Third Sjahrir Cabinet

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Third Sjahrir Cabinet
Flag of Indonesia.svg
4th cabinet of Indonesia
Indonesian Government (Executive Branch)
National emblem of Indonesia Garuda Pancasila.svg
Date formed 2 October 1946 (1946-10-02)
Date dissolved 3 July 1947 (1947-07-03)
People and organisations
Head of government Sutan Sjahrir
Head of state Sukarno
No. of ministers 26
Member party Partai Sarikat Indonesia
Partai Kristen Indonesia
Majelis Syuro Muslimin Indonesia
Partai Nasional Indonesia
Partai Komunis Indonesia
Partai Buruh
Status in legislature Coalition
History
Predecessor Sjahrir II
Successor Amir Sjarifuddin I

The third Sjahrir Cabinet (Indonesian: Kabinet Sjahrir Ketiga) was the fourth Indonesian cabinet. It served from October 1946 to June 1947, when it fell due to disagreements related to implementation of the Linggadjati Agreement and subsequent negotiations with the Dutch.

Background[edit]

Following the kidnapping of Prime Minister Sutan Sjahrir, those responsible attempted a coup against the Sukarno-Hatta government, with the cabinet replaced by a "Supreme Political Council" headed by Tan Malaka and President Sukarno's military powers transferred to General Sudirman. General Sudarsono, whose troops had carried out the kidnappings, traveled to Jakarta with Muhammad Yamin to meet the president, but both were arrested. Sukarno eventually persuaded Sudirman to back Sjahrir and support the arrest of the rebels, including Tan Malaka.[1]

In the middle of August 1946, the Central Indonesian National Committee (KNIP) said circumstances now justified the restoration of a parliamentary cabinet. Sjahrir was again appointed to form it, but with less freedom to choose the membership than he had enjoyed with his first two cabinets. After six weeks of negotiation, the new cabinet was announced on 2 October. It included members from a wide range of parties, representation from the Chinese and Arab communities, and a female member. On the same day, Sukarno revoked the state of emergency and issued a decree appointing Sjahrir head of the government. The president officially inaugurated the cabinet on 5 October in Cirebon, West Java.[2][3]

Composition[edit]

Prime Minister[edit]

Departmental Ministers[edit]

State Ministers (without portfolio)[edit]

  • State Minister: Sri Sultan Hamengkubuwana IX
  • State Minister: Wahid Hasyim (Masyumi)
  • State Minister: Wikana (Youth Congress Board)
  • State Minister: Dr. Soedarsono (Socialist Party)
  • State Minister: Tan Po Gwan (Socialist Party)
  • State Minister: Setiabudi [4]

Junior Ministers[edit]

  • Junior Minister of Foreign Affairs: Agus Salim
  • Junior Minister of Home Affairs: Wijono (Indonesian Peasants Front)
  • Junior Minister of Justice: Hadi
  • Junior Minister of Finance: Loekman Hakim (PNI)
  • Junior Minister of Welfare: Joesoef Wibisono (Masyumi)
  • Junior Minister of Health: Dr. Johannes Leimena (Parkindo)
  • Junior Minister of Education: Goenarso
  • Junior Minister of Social Affairs: Abdul Madjid Djojoadiningrat (Socialist Party)
  • Junior Minister of Defense: Harsono Tjokrominoto (Masyumi)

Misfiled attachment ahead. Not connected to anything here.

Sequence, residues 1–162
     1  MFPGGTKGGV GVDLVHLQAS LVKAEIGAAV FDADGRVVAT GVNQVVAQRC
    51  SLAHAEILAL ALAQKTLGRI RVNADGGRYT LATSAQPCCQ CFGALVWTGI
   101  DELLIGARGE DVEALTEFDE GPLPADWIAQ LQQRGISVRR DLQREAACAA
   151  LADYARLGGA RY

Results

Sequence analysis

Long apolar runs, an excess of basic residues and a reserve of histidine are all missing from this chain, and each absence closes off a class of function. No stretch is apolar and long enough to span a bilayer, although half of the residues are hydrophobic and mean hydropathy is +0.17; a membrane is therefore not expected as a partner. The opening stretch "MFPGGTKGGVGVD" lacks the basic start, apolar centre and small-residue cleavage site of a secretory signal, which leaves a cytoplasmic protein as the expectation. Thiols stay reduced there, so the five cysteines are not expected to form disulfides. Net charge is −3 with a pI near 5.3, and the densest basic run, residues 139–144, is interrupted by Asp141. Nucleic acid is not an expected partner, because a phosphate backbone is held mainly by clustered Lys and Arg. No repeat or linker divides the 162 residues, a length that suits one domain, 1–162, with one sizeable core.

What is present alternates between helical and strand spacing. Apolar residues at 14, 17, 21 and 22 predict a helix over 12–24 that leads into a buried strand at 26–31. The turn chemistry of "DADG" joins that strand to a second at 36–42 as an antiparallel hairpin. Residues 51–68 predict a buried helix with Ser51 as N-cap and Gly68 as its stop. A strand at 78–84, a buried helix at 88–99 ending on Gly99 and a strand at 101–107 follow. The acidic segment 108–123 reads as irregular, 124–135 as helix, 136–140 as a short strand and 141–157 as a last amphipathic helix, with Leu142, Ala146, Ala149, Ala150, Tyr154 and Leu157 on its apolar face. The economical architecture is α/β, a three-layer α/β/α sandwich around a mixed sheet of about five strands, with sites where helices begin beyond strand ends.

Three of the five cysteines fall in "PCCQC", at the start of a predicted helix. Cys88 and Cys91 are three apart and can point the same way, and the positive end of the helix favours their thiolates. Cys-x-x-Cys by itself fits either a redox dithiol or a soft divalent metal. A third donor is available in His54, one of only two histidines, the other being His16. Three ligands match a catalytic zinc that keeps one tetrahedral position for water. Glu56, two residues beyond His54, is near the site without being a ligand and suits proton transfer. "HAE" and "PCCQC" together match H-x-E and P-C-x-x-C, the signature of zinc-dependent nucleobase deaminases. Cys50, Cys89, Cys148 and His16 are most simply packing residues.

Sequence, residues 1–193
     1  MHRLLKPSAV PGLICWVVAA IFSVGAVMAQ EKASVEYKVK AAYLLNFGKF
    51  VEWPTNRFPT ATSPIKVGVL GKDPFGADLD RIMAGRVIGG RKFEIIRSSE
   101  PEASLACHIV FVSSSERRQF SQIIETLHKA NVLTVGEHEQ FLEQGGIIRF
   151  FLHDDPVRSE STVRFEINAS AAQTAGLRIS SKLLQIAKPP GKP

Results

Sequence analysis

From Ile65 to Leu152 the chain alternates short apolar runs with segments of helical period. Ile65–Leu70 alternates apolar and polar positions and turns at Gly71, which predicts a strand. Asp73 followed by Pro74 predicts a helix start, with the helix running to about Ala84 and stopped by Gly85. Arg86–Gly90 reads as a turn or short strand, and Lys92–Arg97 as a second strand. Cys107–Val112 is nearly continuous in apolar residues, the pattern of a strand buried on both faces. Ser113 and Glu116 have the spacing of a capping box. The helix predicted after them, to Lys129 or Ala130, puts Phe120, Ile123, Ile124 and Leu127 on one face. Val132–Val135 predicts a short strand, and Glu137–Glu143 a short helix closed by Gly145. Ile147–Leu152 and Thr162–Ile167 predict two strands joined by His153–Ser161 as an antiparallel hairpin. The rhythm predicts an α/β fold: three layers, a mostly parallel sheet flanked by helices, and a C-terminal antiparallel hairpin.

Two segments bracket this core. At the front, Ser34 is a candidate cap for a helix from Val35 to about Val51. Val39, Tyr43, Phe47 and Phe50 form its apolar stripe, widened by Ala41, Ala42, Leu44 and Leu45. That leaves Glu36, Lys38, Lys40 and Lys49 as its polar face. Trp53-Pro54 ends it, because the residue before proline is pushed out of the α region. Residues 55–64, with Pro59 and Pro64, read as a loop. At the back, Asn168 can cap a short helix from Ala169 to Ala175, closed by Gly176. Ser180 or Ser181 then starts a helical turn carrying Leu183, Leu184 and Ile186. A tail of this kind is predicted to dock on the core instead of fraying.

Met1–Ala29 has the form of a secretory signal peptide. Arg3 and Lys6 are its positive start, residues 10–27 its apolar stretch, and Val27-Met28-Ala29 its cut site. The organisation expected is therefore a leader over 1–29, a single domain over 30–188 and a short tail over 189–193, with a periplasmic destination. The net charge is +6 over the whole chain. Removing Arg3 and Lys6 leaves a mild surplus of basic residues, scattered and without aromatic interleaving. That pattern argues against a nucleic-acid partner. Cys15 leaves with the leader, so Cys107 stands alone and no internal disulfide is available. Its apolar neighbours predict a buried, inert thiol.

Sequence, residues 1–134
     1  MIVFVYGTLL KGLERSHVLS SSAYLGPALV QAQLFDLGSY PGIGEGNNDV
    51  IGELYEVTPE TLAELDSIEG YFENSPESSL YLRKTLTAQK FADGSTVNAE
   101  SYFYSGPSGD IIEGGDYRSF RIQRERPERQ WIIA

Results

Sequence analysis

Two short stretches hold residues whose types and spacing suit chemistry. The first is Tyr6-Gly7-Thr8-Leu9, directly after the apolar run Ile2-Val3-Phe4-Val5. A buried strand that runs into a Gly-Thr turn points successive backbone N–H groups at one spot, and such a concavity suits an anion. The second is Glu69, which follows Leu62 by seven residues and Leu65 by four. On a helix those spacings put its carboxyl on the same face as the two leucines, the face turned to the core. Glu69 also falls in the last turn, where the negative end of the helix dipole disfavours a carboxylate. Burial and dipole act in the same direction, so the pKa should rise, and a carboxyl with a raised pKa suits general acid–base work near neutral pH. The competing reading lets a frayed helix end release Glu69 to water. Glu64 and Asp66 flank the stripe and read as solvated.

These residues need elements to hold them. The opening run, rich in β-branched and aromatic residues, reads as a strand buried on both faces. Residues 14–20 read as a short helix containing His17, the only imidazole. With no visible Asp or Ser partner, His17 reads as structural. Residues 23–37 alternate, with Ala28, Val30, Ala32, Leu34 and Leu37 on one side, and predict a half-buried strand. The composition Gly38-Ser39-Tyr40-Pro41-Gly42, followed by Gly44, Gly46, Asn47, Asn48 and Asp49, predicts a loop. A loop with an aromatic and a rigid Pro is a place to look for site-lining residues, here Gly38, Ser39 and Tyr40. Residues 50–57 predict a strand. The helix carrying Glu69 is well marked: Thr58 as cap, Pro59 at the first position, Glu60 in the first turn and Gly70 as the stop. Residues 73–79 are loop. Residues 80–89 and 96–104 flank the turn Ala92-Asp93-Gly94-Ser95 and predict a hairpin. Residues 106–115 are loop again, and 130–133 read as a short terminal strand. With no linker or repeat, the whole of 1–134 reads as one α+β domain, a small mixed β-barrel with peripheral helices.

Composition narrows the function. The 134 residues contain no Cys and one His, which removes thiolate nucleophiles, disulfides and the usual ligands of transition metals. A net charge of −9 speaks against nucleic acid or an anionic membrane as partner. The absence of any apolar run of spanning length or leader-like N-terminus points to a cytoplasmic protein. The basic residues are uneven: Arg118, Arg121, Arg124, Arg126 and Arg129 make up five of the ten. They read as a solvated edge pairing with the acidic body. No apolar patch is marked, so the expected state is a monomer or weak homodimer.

• Junior Minister of Information: A.R. Baswedan
  • Junior Minister of Communication: Setiadjid (PBI)
  • Junior Minister of Public Works: Herling Laoh (Indonesian National Party - PNI)

The end of the cabinet[edit]

On 25 March 1947, Indonesia and the Netherlands signed the Linggadjati Agreement. This was a result of pressure on the Dutch from the British, who planned to withdraw the forces they had had in Indonesia since the end of World War II, to come to an agreement with the Indonesians. The agreement recognized de facto Indonesian sovereignty over Java and Sumatra and called for the establishment of a federal United States of Indonesia.[5] However the two sides increasingly disagreed over the agreement and accused each other of violations. Following a Dutch ultimatum on 27 May 1947, which the Indonesian government saw as a threat of war, later clarified by Lieutenant General Governor van Mook, Sjahrir made a series of concessions, including interim Dutch sovereignty and control over foreign policy. Many left wing members of the cabinet, including Amir Sjarifuddin and Wikana condemned these concessions, and one by one the minor parties abandoned Sjahrir. They were subsequently joined by Masyumi. In the face of this opposition, Sjahrir resigned in the early hours of 27 July. Sukarno once again declared a state of emergency and asked the cabinet to remain in office until it was replaced. [6][7]

References[edit]

  • Kahin, George McTurnan (1952) Nationalism and Revolution in Indonesia Cornell University Press, ISBN 0-8014-9108-8
  • Ricklefs (1982), A History of Modern Indonesia, Macmillan Southeast Asian reprint, ISBN 0-333-24380-3
  • Simanjuntak, P. N. H. (2003), Kabinet-Kabinet Republik Indonesia: Dari Awal Kemerdekaan Sampai Reformasi (in Indonesian), Jakarta: Djambatan, pp. 41–51, ISBN 979-428-499-8. 

Notes[edit]

  1. ^ Kahin (1952) pp. 189-192
  2. ^ Kahin (1952) pp. 193-194
  3. ^ Simanjuntak (2003) p42
  4. ^ Appointed 27 April 1947 - see Simanjuntak (2003) p44
  5. ^ Kahin (1952) p196
  6. ^ Kahin (1952) pp. 206-208
  7. ^ Simanjuntak (2003) p50